Farmers with low single farm payments (SFP) are being asked to sacrifice themselves in order to protect farmers with big payments, under Minister Coveney's CAP reform proposals, Fianna Fáil deputy Éamon Ó Cuív has claimed.
Speaking at a meeting in Carrick-on-Shannon, Co Leitrim on Thursday night, the Fianna Fáil spokesperson on agriculture said asking low income farmers to back Minister Coveney's CAP reform proposals instead of supporting the approach taken by EU Agriculture Commissioner Dacian Ciolos was akin to asking them to approve a policy that took money out of their pockets. The commission's CAP reform proposals would see €297m of Ireland's €1.3bn SFP allocation redistributed from farmers with the highest entitlements to those with the lowest. It would also guarantee farmers a flat rate payment of around €260/ha.
The farm organisations and Minister Coveney have steadfastly opposed such a move, claiming that it would have a devastating impact on farm incomes and overall production from the sector.
A counter proposal from Minister Coveney would result in the redistribution of €79m in SFP payments. However, this approach was criticised at the Carrick-on-Shannon meeting as being too conservative and not addressing the needs of low income farmers.
"In asking farmers to support his position rather than that of Commissioner Ciolos, the minister is asking guys with low payments to sacrifice themselves to support farmers with big payments," deputy Ó Cuív said.
The sharp variation in SFP entitlements was further highlighted by Department of Agriculture figures for 2011 that show a serious east/west divide in payments.
Five western counties had the lowest per hectare entitlements and the lowest average payments to farmers. In contrast, the highest payments per farmer and per hectare were in the southeast of the country.
Those counties with the lowest payments per hectare were Leitrim, Mayo, Sligo, Donegal and Galway. Those with the highest were Kilkenny, Carlow, Laois, Wexford and Meath.
Deputy Ó Cuív said the disparity in payments highlighted the need for more discussion and consultation on CAP reform before any major decisions were made at Government level.
"The conversation [on CAP reform] is not over, it is only beginning," he said. "The people are entitled to the facts and they are entitled to them in an understandable way.
"They must have an opportunity to discuss them thoroughly. Then and
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only then can our national policy on CAP be decided," he said.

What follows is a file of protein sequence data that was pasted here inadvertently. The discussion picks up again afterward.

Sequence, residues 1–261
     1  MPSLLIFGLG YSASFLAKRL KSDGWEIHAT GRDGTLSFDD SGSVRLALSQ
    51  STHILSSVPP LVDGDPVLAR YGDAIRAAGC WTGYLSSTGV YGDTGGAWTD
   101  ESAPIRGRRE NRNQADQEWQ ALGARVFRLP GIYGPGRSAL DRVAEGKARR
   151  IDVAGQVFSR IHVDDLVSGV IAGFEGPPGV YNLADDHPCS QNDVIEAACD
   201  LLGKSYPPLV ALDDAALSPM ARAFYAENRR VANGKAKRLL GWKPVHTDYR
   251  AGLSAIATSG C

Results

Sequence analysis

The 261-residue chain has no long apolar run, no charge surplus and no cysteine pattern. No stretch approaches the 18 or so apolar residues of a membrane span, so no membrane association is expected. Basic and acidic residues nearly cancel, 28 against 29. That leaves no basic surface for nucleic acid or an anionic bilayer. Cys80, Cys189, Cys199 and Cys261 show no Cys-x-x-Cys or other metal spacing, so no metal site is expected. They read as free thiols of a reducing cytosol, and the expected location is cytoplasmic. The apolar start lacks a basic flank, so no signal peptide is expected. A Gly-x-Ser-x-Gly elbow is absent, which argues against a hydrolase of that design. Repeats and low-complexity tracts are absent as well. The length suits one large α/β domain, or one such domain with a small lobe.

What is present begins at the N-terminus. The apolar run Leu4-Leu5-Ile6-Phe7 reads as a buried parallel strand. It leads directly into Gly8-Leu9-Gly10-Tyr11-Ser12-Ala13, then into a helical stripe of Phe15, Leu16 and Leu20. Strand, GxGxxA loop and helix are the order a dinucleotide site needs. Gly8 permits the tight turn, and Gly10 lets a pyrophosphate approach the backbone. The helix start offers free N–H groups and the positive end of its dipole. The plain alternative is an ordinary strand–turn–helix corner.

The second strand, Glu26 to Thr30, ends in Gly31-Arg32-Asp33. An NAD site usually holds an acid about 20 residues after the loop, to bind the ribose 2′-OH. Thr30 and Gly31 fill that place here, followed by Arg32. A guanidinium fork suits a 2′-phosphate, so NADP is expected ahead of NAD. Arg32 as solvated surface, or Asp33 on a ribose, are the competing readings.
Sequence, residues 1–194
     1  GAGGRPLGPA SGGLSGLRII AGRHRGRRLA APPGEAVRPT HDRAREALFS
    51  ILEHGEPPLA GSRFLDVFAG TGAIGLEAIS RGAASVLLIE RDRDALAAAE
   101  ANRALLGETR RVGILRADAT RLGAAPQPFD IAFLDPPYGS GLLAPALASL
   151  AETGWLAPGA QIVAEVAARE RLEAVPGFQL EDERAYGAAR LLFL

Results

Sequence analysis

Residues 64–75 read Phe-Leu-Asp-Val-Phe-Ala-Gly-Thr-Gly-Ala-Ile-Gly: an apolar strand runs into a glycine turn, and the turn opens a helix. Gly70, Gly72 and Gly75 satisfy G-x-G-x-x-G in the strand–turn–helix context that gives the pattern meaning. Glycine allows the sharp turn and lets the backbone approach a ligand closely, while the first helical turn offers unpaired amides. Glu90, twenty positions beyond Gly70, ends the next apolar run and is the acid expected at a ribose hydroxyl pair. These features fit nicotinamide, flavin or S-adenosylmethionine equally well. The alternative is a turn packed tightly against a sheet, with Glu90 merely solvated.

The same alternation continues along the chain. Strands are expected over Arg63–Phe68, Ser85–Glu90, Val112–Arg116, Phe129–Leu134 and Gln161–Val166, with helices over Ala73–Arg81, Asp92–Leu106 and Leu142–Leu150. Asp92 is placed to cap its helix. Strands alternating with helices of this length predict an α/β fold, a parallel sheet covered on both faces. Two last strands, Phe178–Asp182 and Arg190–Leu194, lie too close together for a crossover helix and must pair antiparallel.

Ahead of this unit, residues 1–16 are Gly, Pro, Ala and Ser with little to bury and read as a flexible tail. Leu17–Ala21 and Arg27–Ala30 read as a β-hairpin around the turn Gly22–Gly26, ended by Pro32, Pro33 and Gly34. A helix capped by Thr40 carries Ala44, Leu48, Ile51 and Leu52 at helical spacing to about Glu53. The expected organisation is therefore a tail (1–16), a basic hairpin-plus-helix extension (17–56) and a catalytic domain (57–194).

The Fianna Fáil spokesman maintained that other alternatives were possible outside of the approaches taken by Commissioner Ciolos and Minister Coveney.
He suggested that capping farmers' SFP entitlements at €50,000 and at €500/ha would create a fund of around €70m.
He said this money, along with the €79m identified by Minister Coveney, would create a pot of around €140m -- allowing for overlap -- that could be used to make the SFP more equitable.
Deputy Ó Cuív claimed this money, if front-loaded on to the first 20ha of each SFP application, would give a €30/ha boost.
While deputy Ó Cuív conceded that his approach would have its detractors, he insisted that the debate on Ireland's position with regard to CAP reform was not completed.
He also warned that farmers should not be unfairly penalised for living in an area of poor land and he called on the minister to take this into consideration in the CAP negotiations.
"I am totally opposed to the idea that there would be land abandonment in marginal land areas due to the low return from the land," he said.
"This would lead to an ecological disaster in some of the most ecologically sensitive areas in the country."
This view was supported by Ireland West MEP Marian Harkin who told an IFA meeting in Carndonagh, Co Donegal, last week that farmers existed at all levels of production.
"Farmers have to produce on marginal land as well as good land and they have to produce in favourable as well as very unfavourable climatic conditions, so the argument [on the SFP] is much more nuanced than is often presented," Ms Harkin said.
"The EU parliament has a proposal whereby no farmer would be entitled to earn more than 30pc above or below the average.
"My own view is that this could be extended to 40pc, with proportionate increases for those close to the average," the Independent MEP said.
Ms Harkin called for a much wider debate on the future SFP, which she described as the "only game in town" due to the lack of a definitive budget for Pillar 2 of the CAP.
Meanwhile, Sinn Fein's agriculture spokesperson Martin Ferris has reiterated his party's support for Commissioner Ciolos's flat rate proposal.
"Having met many farmers around the country over recent months and having looked at the proposal, I support a move towards a flat rate system.
"That would be a far fairer system and mean gains for a majority of farmers," Mr Ferris said.
"I do not believe that the current Government proposal goes far enough and my party will be proposing our own timetable for reform of the SFP, including a cap on payments above €100,000."